Unplug | Suze Yalof Schwartz

Summary of: Unplug: A Simple Guide to Meditation for Busy Skeptics and Modern Soul Seekers
By: Suze Yalof Schwartz

Introduction

In today’s fast-paced world, people often struggle with stress, anxiety, and maintaining focus. ‘Unplug: A Simple Guide to Meditation for Busy Skeptics and Modern Soul Seekers’ by Suze Yalof Schwartz aims to help anyone, regardless of their lifestyle, embrace the life-changing benefits of meditation. The book summary dispels common misconceptions about meditation, such as the need for extensive time commitments or a specific spiritual outlook. We will explore the surprising brain benefits of regular meditation practice, as well as various techniques for incorporating meditation into our daily lives, ensuring a calmer, more grounded state of mind.

The Minimalistic Approach to Meditation

Meditation is often associated with a hippy lifestyle, but it can match any lifestyle, including a minimalist one. All that’s required is stillness and focus, making it one of the most minimalistic practices. Meditation can improve brain function and overall wellbeing in as little as 27 minutes a day. Even 5-10 minutes a day can provide significant benefits such as feeling calmer and more grounded. With meditation’s versatility, it’s something anyone can do almost anywhere, and its benefits are definitely worth the time.

Meditation: Reshaping Your Brain

Two studies conducted by Harvard neurologist Sara Lazar have demonstrated that meditation can transform the brain and improve its structural integrity. Lazar discovered that regular meditators have more gray matter in their frontal cortex, which governs memory and decision-making, than non-meditators of the same age. Furthermore, this sector of the brain normally shrinks as we age, but the studies proved that meditators maintain a healthy amount of gray matter. In addition, meditation can help fight stress and anxiety. Participants in a study practicing meditation for eight weeks experienced improvements in their areas of learning, memory, concentration, and emotion, and demonstrated lower levels of cortisol, a stress hormone. Meditation appears to be a potent tool for fighting old-age disorders such as Parkinson’s and Alzheimer’s.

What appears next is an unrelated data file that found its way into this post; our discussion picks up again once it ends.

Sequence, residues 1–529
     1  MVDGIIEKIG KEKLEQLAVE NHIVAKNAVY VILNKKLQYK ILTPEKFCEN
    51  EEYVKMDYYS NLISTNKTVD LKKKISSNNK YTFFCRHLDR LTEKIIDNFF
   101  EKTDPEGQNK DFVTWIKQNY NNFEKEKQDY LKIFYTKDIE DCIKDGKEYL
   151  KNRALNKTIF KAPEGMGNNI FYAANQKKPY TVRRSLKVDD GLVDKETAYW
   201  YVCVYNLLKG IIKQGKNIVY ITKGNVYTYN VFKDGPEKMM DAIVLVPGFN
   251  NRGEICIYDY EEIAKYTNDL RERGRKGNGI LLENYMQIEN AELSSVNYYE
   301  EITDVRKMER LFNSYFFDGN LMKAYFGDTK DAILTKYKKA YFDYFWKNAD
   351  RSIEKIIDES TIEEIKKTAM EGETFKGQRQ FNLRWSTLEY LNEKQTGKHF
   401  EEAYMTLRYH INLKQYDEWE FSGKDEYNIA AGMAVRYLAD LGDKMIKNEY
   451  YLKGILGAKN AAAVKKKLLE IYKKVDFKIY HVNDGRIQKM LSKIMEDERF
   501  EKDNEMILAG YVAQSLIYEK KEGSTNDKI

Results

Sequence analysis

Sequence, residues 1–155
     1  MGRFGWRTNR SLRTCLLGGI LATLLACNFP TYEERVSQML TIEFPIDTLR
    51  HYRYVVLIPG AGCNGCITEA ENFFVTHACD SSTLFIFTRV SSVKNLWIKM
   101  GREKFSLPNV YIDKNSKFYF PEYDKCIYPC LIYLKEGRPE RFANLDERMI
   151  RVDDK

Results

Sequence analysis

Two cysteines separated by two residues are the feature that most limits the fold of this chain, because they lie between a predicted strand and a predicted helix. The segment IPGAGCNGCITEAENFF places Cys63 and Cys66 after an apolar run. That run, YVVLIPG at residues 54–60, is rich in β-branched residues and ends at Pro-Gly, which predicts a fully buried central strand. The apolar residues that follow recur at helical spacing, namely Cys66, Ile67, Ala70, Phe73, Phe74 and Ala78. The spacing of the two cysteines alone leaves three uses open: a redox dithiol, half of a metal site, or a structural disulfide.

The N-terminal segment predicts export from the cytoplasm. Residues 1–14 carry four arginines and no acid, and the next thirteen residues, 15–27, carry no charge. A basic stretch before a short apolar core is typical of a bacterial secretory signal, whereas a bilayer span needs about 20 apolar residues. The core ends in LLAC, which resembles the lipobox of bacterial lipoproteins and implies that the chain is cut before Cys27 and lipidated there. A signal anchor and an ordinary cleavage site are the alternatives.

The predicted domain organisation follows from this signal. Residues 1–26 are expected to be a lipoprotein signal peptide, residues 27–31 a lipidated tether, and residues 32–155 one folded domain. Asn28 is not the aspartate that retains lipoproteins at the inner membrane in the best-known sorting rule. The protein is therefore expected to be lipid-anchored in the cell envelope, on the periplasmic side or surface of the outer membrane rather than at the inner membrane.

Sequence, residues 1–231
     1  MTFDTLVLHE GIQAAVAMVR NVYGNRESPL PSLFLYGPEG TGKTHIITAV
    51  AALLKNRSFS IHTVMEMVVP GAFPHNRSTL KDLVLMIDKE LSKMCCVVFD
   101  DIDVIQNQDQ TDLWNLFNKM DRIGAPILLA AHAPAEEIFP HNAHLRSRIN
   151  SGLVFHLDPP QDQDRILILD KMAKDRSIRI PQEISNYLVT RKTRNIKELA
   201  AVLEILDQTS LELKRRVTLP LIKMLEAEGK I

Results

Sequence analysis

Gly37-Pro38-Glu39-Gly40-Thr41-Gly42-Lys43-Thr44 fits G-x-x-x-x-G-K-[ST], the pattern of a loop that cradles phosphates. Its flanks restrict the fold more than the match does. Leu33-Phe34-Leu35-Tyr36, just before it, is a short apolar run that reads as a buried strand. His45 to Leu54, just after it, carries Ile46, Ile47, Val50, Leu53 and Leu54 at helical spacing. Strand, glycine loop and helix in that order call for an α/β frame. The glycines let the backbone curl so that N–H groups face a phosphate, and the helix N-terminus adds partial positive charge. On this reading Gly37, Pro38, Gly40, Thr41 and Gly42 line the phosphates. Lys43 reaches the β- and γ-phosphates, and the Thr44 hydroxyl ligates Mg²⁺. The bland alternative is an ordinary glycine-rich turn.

Why Meditate in the Morning?

Meditating first thing in the morning can positively influence and shape the brain as the brain is still in its theta rhythm. Doing so ensures that the task is accomplished and out of the way before the hustle of the day begins. It is best to find a comfortable position that keeps the spine in a straight alignment. If you struggle waking up early, try placing an electric kettle next to your bed so you can have a warm cup of tea to coax yourself out from under the sheets.

Building a Meditation Habit

Building a regular meditation practice requires a good ritual that helps you make meditation a part of your routine. The best way to do this is to find a regular time to meditate. If you meditate first thing in the morning, you can have your meditation area prepared the night before, which will make it easier to follow through. Clearing your mind before meditation is also helpful. Using a brain-drain practice to jot down everything that is on your mind will help clear your mind and prime it for a peaceful session.

Mastering Meditation Made Simple

Meditation programs follow an outlined procedure. Similarly, in six straightforward steps, you can create your own meditation program. The first step is to find a point of focus. Subsequently, reach a state of not focusing on anything. The third step involves experiencing feelings of peace. When a thought enters your mind, acknowledge it and let it pass. Bring your attention back to the point of focus, and repeat steps two through six. A mantra can be of great help during this process. Finally, you can come up with an affirmation to get an entirely customized experience.

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